It’s good to be the king for a change
It’s been a good week to be a Democrat. After six years of getting slapped around by the neo-cons, the xenophobes, the war hawks and the Rapture Right, the pendulum has begun to swing back in our favor. Maybe, just maybe, it’s our turn. And to think we owe it all to that little rosy-cheeked Republican from Florida. All together now, “Hang down your head, Mark’… Foley.”
Hey, I’d have been happy with the NIE Report, asserting that Bush’s war on Iraq has exacerbated rather than ameliorated terrorism worldwide. Of course, we already knew this, but it was good to see some vindication, some hard evidence that this invasion and occupation was unnecessary and continues to be counterproductive.
Then we got Woodward’s book, State of Denial, which again reaffirmed what we already knew: that Bush lives in a bubble occupied only by sycophants, that his administration ignored evidence of an impending terrorist attack, and that their incompetence, compounded by irrational stubbornness, has been one unrelenting train wreck.
But then this Foley fiasco’… This is manna from Beltway heaven. This is the gift that keeps on giving. This is the Perfect Storm of political payback. This is the straw that broke the GOP’s back.
The beauty of Foleygate is that it has virtually emasculated the one person who needed it most. No, not Foley, not Hastert, not the rest of the Republican congressional so-called leadership, but Karl Rove himself. Bush’s Brain. Remember, it was Rove, twisted genius that he is, who delivered the 2004 election to the Duh by devising a scheme to get their evangelical base out to the polls. He reasoned – correctly, as it turned out – that they needed 4 million fundamentalists to come out (oops, bad choice of words), I mean, turn out to the polls and vote their way. And what better way – better even than appealing to their compliant patriotism and inducing irrational fear of the unknown – than to appeal to their homophobia? And the way to do that was to float the gay marriage amendment out there, make it a wedge issue, and take the focus off the real issue of Iraq. By getting the gay marriage referendum on the ballot in, as I recall, 14 states, many of them battleground states, he basically ensured that this red herring would determine the outcome of the election.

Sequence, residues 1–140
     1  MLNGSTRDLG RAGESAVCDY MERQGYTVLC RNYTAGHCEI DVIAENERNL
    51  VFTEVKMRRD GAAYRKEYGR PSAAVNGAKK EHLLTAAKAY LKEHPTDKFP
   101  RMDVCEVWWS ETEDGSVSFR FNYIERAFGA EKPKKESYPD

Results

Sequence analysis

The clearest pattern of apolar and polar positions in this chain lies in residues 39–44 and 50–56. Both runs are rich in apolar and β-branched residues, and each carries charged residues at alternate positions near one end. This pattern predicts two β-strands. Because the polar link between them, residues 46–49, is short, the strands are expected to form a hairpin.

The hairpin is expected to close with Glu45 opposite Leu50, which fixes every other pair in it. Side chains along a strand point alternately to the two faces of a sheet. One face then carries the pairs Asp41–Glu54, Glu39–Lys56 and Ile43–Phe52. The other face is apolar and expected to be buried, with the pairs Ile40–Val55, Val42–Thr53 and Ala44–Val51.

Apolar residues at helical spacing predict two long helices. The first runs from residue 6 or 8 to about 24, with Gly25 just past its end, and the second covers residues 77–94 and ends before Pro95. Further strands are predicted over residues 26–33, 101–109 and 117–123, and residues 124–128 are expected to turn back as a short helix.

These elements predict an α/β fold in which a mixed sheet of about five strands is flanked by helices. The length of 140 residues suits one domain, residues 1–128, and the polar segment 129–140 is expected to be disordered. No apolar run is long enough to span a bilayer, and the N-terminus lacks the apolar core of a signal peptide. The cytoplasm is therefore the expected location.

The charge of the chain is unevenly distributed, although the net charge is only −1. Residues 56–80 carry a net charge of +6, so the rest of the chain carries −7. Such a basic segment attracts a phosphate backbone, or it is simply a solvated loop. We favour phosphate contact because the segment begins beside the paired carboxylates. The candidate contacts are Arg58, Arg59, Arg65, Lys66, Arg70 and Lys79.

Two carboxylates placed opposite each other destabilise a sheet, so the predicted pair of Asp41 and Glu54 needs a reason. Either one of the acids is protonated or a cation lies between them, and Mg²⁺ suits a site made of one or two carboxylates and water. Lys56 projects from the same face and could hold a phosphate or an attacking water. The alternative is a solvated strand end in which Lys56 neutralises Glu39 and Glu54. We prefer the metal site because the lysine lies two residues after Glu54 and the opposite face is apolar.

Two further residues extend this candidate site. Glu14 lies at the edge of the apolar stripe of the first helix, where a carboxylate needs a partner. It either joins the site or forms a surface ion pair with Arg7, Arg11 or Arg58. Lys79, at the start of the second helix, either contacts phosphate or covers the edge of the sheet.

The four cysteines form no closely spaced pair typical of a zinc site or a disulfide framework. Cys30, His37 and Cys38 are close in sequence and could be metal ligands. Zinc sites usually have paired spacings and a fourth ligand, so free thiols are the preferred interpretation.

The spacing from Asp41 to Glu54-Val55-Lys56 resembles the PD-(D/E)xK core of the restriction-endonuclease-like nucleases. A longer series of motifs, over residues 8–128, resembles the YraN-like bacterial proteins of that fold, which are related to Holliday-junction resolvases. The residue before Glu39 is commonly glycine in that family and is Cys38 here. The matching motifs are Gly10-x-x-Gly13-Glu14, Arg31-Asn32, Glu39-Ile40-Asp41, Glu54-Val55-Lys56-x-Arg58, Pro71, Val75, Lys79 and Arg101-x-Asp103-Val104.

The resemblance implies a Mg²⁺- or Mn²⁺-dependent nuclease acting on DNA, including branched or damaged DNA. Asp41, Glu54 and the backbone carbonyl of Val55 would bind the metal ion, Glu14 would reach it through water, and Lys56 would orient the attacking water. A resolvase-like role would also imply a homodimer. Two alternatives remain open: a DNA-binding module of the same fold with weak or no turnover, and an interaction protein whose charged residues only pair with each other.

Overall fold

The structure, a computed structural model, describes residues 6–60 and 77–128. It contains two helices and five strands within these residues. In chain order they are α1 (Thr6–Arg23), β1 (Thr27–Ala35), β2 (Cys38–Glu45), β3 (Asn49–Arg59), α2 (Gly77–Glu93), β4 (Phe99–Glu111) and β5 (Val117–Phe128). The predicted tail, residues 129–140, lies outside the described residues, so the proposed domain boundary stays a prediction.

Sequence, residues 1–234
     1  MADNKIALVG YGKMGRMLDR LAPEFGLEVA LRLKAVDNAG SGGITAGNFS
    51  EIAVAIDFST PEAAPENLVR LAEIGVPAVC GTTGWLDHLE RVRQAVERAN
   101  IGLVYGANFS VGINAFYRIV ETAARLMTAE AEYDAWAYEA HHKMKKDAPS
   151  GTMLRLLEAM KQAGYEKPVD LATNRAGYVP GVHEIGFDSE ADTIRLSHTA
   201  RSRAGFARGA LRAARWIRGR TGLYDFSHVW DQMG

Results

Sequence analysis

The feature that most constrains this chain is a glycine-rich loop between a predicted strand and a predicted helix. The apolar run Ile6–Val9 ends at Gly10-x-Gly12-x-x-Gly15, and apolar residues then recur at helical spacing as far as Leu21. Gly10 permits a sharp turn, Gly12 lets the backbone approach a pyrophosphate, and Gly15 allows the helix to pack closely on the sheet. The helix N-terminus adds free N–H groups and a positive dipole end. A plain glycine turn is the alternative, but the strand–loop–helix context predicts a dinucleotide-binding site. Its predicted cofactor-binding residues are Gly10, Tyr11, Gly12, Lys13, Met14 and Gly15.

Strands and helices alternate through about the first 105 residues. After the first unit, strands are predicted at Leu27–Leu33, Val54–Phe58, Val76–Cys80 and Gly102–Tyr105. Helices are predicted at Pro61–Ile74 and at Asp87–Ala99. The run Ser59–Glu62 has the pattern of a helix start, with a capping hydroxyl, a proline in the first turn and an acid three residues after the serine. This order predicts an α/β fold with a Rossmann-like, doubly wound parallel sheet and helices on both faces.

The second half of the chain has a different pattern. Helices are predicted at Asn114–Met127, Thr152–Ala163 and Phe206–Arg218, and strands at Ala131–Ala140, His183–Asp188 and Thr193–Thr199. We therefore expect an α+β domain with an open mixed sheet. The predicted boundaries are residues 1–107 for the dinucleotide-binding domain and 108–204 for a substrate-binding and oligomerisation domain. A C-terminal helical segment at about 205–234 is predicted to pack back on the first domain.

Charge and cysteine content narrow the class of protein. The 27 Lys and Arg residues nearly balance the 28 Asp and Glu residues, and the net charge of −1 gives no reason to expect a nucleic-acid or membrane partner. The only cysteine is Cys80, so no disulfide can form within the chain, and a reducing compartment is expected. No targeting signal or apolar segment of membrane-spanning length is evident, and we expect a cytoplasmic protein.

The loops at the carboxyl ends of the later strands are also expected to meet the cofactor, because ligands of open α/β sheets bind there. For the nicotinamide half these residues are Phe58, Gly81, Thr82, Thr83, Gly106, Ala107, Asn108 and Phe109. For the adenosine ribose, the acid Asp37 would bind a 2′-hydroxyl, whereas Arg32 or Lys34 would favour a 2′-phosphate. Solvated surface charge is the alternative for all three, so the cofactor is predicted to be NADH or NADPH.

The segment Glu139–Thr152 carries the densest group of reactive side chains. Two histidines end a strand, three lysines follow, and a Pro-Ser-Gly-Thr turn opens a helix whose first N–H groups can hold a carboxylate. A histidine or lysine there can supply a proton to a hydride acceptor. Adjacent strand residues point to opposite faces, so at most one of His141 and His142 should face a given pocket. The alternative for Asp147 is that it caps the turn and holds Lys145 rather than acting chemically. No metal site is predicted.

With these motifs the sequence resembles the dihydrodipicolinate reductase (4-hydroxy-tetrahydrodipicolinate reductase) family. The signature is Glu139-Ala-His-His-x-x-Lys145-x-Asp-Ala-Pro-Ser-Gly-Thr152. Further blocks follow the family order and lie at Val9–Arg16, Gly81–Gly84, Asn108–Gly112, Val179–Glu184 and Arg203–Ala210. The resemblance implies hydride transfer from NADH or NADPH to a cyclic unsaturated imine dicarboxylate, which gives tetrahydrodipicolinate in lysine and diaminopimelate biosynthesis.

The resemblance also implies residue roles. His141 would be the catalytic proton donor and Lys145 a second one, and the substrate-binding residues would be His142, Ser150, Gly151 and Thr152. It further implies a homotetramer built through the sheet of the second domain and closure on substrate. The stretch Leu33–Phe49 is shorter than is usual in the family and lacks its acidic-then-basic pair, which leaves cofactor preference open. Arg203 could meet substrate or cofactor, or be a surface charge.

Meanwhile, we were naively pinning our hopes on getting out the college-student vote, when, in retrospect, the only thing that would get them to the polls would be free beer and pizza. (If Rove were a leftie and needed the youth vote, he would have floated reinstating the draft and gotten that on the ballot. By God, that would’ve emptied the dorms and frat houses on Election Day.)
So now, the whole morals and values issues have been completely wiped off the table, thanks to my new best friend, Mark “Turn the Page” Foley. Without an issue to galvanize them, the Bible thumpers, who typically vote, well’… religiously, will likely vote in proportion to the rest of the populace. And that may be just enough to send the 15 GOP congressmen that we need packing. In fact, I saw one pollster last week who said their numbers had Democrats ahead in seven of the 11 Senate seats that are up for grabs. All we need, brothers and sisters, is six.
I’ve learned from bitter experience that, tempting though it may be, now is not the time to gloat. Even with less than a month to go before Nov. 7, Rove may still have another trick up his sleeve. He was counting on getting his Big Oil cronies to drop prices so that that issue would be taken off the table for the Dems, but that didn’t work. He tried to provoke the president of Iran into a confrontation, but Bush couldn’t pronounce his name, so that didn’t work either. Even the old fallback position of the three “I’s” – invoking 9-11, inducing fear, and insisting that only they can protect us from those Islamofascists lurking under the bed – seems not to have any traction lately.
And the real beauty of all this is that the one thing both the administration and the GOP-controlled Congress could do to turn the tide back in their favor is the one thing they cannot do. They could admit they made a mistake and it would all go away. Bush could have an epiphany and realize that Iraq is an unmitigated disaster and beg forgiveness, and the American people would give it. Likewise, Hastert and the rest of the gang could admit that they covered up for Foley’s sexual shenanigans all these years, and the public would forgive and forget.
But some folks are constitutionally incapable of being honest with themselves – and a goodly number of them are Republicans.
And a goodly number of them are going to be out of a job come Nov. 7.
Ogi may be reached at firstname.lastname@example.org